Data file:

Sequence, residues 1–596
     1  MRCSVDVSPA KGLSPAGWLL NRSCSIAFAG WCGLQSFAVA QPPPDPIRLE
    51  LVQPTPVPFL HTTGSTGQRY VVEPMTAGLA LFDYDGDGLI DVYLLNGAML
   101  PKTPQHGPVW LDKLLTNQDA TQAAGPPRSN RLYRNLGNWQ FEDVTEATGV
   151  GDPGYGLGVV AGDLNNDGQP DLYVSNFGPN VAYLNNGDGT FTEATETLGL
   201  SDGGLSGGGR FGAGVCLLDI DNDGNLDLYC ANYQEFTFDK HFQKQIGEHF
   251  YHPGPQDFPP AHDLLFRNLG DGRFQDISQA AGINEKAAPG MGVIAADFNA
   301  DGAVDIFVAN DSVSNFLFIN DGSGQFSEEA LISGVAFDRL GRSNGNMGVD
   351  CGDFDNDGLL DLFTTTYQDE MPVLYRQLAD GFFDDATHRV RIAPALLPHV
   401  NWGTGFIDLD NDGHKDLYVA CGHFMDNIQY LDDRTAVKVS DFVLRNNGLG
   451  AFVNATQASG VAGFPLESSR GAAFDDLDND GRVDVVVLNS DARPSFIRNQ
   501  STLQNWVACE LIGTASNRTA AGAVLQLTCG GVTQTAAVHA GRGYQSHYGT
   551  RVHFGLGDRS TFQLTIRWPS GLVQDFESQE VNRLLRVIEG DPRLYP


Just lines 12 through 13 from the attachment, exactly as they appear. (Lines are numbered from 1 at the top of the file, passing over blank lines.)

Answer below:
   501  STLQNWVACE LIGTASNRTA AGAVLQLTCG GVTQTAAVHA GRGYQSHYGT
   551  RVHFGLGDRS TFQLTIRWPS GLVQDFESQE VNRLLRVIEG DPRLYP